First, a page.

Amazonia is a vast and complex region in South America—the most bio-diverse on Earth—stretching over nine countries and home to 400 indigenous groups. This course will explore pressing environmental and cultural issues of our time through the study of the Amazon rainforest as it is represented in literature and films. The course offers an interdisciplinary perspective on the Amazon, taking into consideration its history, as well as social and political aspects related to the region and its major global impact. The course will be organized around themes such as: indigeneity; environment, ecosystems and sustainability; exploration; anthropology; shamanism; literary, cinema and popular culture representations.
Fulfills the Faculty of Arts Literature Requirement.
PORT 405 will be a combination of asynchronous (mostly) and synchronous instruction.
All texts for the course will be in English. Texts will be available on Canvas in PDF; films will be available streaming through the UBC Library.
Primary texts (selections from):
- Davi Kopenawa Yanomami The Falling Sky (2013)
- Daniel Munduruku Indigenous Tales from Brazil (2013)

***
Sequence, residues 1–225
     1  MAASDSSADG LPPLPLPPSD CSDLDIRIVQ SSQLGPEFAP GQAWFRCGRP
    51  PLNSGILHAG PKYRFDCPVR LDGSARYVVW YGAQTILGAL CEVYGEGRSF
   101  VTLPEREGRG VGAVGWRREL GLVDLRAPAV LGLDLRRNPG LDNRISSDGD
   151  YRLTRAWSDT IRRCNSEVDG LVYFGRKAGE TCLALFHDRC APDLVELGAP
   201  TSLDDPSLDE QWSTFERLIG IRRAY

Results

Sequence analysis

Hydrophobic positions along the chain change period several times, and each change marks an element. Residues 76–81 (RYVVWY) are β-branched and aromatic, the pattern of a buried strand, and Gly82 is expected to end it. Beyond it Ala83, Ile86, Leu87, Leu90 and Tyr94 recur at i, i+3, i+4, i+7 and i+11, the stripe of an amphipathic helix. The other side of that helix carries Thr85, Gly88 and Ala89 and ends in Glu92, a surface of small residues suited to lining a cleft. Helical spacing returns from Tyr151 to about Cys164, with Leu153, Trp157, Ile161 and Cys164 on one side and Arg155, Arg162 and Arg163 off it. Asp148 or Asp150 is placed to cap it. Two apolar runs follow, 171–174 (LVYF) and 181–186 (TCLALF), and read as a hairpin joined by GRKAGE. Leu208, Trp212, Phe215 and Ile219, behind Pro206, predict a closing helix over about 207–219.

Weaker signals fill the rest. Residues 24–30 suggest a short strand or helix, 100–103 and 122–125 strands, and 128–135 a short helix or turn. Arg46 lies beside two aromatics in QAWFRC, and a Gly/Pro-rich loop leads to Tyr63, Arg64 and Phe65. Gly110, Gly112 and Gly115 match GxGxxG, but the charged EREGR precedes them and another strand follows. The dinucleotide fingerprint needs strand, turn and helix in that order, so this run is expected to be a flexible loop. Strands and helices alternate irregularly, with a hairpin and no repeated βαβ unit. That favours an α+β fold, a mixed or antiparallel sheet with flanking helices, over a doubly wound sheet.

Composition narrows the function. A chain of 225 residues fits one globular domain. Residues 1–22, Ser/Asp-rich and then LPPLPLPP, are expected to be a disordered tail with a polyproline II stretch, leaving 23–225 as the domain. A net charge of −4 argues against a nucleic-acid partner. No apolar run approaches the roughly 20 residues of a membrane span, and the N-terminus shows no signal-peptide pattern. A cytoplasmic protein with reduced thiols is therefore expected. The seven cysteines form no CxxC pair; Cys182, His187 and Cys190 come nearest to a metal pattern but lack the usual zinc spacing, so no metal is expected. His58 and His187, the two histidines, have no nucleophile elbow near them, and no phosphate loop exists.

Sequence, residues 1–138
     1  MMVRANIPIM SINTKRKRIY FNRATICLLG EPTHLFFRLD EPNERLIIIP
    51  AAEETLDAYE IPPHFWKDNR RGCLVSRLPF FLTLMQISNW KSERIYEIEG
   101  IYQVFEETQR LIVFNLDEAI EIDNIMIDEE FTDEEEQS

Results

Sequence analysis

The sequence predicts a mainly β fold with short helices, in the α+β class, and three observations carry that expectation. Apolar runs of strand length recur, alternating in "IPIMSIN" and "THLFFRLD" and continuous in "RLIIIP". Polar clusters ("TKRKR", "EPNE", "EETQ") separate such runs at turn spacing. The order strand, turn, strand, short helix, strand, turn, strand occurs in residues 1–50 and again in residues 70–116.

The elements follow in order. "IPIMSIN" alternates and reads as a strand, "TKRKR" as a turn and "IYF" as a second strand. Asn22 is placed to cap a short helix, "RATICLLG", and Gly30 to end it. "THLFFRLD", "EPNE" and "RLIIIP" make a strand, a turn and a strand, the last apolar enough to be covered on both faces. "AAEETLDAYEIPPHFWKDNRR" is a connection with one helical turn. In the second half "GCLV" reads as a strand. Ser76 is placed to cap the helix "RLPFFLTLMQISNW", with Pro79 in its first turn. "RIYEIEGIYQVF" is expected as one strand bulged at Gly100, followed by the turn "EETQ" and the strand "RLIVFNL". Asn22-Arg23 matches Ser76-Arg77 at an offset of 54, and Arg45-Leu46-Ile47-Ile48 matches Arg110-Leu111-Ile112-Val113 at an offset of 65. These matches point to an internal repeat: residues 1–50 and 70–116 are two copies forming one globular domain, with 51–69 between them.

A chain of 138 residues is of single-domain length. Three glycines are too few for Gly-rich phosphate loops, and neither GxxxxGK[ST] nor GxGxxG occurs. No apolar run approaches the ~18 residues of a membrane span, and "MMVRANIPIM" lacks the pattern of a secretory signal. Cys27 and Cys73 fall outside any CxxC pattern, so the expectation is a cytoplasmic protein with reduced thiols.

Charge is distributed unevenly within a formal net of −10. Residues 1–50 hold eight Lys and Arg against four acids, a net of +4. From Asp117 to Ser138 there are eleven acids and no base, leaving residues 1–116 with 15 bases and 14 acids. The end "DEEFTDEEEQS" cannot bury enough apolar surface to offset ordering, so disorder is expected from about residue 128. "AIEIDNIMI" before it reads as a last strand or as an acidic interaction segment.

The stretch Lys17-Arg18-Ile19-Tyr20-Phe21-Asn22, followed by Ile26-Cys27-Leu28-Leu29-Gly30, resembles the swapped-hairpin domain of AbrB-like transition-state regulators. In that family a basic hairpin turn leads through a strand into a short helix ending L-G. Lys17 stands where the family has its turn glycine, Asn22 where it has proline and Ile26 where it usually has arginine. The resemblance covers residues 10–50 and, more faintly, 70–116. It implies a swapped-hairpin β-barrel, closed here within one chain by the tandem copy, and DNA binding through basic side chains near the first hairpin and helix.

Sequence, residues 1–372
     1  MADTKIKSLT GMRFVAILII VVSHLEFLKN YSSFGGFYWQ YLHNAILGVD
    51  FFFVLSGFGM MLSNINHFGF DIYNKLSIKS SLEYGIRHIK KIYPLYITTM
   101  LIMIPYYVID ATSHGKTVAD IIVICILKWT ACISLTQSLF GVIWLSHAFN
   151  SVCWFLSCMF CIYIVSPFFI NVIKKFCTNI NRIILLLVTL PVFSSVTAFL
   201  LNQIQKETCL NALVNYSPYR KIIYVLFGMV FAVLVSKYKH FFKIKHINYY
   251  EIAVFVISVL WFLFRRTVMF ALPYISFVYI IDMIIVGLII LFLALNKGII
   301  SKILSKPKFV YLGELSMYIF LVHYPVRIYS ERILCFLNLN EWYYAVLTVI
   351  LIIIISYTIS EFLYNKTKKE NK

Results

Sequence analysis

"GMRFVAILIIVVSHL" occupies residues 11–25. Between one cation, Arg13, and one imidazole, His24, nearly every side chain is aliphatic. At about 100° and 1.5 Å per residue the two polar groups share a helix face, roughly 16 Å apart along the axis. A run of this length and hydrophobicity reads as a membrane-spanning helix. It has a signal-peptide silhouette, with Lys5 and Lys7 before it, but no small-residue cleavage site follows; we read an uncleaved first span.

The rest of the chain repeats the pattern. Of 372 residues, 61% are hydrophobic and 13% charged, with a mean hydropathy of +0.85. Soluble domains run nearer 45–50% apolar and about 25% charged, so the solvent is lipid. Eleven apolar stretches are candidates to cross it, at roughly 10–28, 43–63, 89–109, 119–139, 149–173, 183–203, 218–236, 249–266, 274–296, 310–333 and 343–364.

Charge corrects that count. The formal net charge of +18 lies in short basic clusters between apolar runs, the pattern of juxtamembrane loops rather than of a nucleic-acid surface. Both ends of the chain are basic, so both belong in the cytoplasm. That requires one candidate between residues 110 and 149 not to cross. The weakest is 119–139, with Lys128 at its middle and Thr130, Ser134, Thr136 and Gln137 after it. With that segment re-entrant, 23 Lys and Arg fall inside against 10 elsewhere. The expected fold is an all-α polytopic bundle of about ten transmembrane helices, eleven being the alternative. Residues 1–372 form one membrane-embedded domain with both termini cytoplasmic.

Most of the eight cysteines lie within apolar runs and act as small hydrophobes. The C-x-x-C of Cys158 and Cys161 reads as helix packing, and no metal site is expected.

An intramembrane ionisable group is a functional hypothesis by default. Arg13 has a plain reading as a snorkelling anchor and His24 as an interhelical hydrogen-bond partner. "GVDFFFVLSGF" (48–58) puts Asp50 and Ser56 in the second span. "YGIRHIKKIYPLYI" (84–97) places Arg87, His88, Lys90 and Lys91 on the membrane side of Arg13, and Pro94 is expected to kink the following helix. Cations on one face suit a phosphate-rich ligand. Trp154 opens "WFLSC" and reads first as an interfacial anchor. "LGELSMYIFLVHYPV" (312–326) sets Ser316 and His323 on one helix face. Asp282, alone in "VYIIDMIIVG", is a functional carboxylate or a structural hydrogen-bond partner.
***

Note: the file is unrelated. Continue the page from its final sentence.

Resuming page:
- Sônia Guajajara, Eliane Potiguara (interviews)
- Euclides da Cunha The Amazon: Land without History (1909)
- José Eustasio Rivera The Vortex (1924)
- Mario Vargas Llosa The Storyteller (1987)
- Candace Slater Dance of the Dolphin (1994); Entangled Edens (2003)
- Wade Davis The Wayfinders (2009); One River (1997)
- Milton Hatoum Orphans of Eldorado (2008)
- Eduardo Kohn How Forests Think (2013)
- Werner Herzog Aguirre, the Wrath of God (1972); Fitzcarraldo (1982)
- John Boorman The Emerald Forest (1985)
- Takumã Kuikuro Itão Kuẽgü – The Hyperwomen (2012)
- Ciro Guerra Embrace of the Serpent (2015)
- James Gray The Lost City of Z (2016)
Language of instruction: English
This course fulfils the Faculty of Arts Literature Requirement.